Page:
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Hindu Press International
Thoughtful Construction Style Saved Kedarnath From Serious Damage
on 2013/7/20 18:56:56 ( 938 reads )

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NEW DELHI, INDIA, July 14, 2013 (New Kerala): The thoughtful construction style of the Kedarnath temple in Uttarakhand saved the 11th century structure from any serious damage during last month's devastating floods, says an Archaeological Survey of India (ASI) official, adding that a barrier would be constructed to protect the shrine from any future calamity.

"The safety of the structure despite this calamity is because of its orientation and style of construction. The domes of the temple are interlocked with each other using iron clamps; that is why they are intact. Only loose and cracked stones of the temple have come out," B.R. Mani, ASI additional director general, told IANS in an interview.

"Another aspect of this temple is its north-south orientation. Mostly temples face east or west. But this temple is facing south, which is a rare phenomenon. It may be possible that in the 11th century the people had thought of the stones rolling down from the north or such calamity; hence they structured it like this," he added.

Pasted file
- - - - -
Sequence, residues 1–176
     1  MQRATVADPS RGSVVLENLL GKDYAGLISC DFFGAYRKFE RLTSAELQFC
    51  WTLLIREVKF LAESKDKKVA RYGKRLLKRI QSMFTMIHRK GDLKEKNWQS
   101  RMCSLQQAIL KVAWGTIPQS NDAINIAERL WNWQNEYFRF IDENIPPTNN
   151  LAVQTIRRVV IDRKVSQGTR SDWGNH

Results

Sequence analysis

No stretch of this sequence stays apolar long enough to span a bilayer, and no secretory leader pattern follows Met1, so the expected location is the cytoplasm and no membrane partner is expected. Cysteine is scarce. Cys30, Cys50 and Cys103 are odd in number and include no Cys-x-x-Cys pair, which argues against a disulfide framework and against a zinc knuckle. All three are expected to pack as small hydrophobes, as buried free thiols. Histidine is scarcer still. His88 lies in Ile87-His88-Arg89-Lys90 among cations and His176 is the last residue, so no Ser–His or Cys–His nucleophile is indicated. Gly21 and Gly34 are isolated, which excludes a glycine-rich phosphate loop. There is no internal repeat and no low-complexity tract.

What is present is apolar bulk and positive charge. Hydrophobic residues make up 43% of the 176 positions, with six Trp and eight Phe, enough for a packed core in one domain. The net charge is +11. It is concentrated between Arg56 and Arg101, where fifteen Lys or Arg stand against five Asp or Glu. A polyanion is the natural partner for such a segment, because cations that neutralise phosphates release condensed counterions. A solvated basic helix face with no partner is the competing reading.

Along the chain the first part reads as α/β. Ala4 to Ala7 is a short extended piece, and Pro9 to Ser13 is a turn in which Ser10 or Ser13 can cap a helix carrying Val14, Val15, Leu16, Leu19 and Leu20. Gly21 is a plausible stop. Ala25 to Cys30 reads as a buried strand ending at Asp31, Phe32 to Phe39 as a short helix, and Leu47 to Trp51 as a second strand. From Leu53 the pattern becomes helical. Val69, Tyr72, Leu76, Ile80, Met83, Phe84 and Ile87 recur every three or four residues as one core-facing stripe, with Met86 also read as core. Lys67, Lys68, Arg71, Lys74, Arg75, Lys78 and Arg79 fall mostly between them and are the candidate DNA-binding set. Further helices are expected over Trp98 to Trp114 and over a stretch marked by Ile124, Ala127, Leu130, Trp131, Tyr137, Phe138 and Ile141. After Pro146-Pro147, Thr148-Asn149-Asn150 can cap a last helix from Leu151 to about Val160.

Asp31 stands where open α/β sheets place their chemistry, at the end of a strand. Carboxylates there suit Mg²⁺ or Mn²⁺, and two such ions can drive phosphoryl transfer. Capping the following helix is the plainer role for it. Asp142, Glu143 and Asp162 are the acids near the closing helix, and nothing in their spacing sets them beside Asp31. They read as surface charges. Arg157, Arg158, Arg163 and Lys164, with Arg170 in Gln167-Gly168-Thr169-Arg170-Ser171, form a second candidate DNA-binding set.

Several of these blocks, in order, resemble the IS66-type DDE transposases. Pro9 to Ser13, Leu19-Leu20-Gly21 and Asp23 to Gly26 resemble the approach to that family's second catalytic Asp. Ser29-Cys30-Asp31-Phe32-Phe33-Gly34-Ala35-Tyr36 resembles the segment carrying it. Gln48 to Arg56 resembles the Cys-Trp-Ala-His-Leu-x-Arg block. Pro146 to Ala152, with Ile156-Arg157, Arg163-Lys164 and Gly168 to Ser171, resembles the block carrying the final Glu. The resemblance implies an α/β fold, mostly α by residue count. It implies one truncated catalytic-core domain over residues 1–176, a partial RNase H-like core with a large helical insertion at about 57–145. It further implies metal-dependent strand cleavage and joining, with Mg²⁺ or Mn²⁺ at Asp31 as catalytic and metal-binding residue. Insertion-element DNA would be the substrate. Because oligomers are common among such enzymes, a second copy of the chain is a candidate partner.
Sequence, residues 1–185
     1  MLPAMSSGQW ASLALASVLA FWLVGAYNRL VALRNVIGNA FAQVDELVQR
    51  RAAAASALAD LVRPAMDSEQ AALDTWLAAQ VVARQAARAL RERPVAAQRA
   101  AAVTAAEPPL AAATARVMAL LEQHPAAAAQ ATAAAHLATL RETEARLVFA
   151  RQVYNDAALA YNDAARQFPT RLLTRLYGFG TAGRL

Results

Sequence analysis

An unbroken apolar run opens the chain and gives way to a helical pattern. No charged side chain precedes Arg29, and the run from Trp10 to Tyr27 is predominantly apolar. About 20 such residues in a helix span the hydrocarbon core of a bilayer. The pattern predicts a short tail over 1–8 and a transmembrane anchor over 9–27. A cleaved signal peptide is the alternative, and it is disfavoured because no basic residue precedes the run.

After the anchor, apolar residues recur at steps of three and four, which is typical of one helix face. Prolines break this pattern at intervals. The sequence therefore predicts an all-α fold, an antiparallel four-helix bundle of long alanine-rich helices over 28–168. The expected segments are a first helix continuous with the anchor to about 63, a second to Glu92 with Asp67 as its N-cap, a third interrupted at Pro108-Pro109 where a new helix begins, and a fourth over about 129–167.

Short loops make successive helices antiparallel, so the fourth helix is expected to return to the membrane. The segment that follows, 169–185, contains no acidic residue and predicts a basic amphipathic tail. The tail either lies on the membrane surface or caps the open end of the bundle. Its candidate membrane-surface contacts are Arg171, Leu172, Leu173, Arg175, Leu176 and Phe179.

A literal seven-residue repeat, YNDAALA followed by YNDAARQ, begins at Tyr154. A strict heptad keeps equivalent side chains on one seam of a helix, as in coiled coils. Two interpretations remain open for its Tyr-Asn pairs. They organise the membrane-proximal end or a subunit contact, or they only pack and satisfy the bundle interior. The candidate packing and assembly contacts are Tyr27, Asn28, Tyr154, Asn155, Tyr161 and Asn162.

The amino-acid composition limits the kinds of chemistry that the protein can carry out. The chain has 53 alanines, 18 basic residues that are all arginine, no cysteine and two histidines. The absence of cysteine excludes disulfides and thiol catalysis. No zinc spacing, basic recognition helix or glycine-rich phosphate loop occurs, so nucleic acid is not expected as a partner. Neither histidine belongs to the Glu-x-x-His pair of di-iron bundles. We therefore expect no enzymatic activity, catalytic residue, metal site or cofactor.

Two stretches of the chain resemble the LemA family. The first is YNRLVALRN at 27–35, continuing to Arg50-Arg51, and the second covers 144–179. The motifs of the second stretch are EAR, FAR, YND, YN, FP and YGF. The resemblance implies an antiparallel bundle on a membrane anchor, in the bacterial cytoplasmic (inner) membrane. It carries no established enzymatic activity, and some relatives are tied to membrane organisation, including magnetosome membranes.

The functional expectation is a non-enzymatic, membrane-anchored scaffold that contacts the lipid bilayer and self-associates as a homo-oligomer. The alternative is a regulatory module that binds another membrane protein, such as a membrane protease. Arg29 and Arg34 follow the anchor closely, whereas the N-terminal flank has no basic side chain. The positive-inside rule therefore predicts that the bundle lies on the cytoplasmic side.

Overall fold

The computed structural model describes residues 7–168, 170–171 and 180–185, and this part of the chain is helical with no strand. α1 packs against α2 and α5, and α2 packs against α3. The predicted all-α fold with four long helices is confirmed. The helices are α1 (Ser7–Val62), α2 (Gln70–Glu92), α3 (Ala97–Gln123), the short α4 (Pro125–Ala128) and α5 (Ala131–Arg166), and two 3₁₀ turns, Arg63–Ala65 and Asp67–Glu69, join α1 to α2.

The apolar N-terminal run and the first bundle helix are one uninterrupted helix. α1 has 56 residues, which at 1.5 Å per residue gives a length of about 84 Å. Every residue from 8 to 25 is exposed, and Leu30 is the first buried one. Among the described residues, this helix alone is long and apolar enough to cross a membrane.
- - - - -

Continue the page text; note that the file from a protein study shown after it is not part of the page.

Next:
The "Himalayan tsunami" last month killed hundreds of people and thousands are missing. Thousands of houses were uprooted, hundreds of bridges and roads washed away or destroyed in landslides and gushing rivers. Amidst this devastation, Mani says, on a scale of hundred the temple is 99 percent safe.

Standing majestically tall at an altitude of 13,000 feet above sea level, the Kedarnath temple has been built in the Rekha-Sikhara style with three different horizontal divisions. Despite the fact that the Kedarnath temple doesn't come under ASI-protected sites, due to the religious sentiments attached with this holy shrine, restoration has been entrusted to them.

"Conservation is a slow process. It is not rebuilding a structure but it is conserving the structure as per the original. For that we have to use the same material to keep it close to the original. We would also be using more iron than mortar," Mani pointed out.

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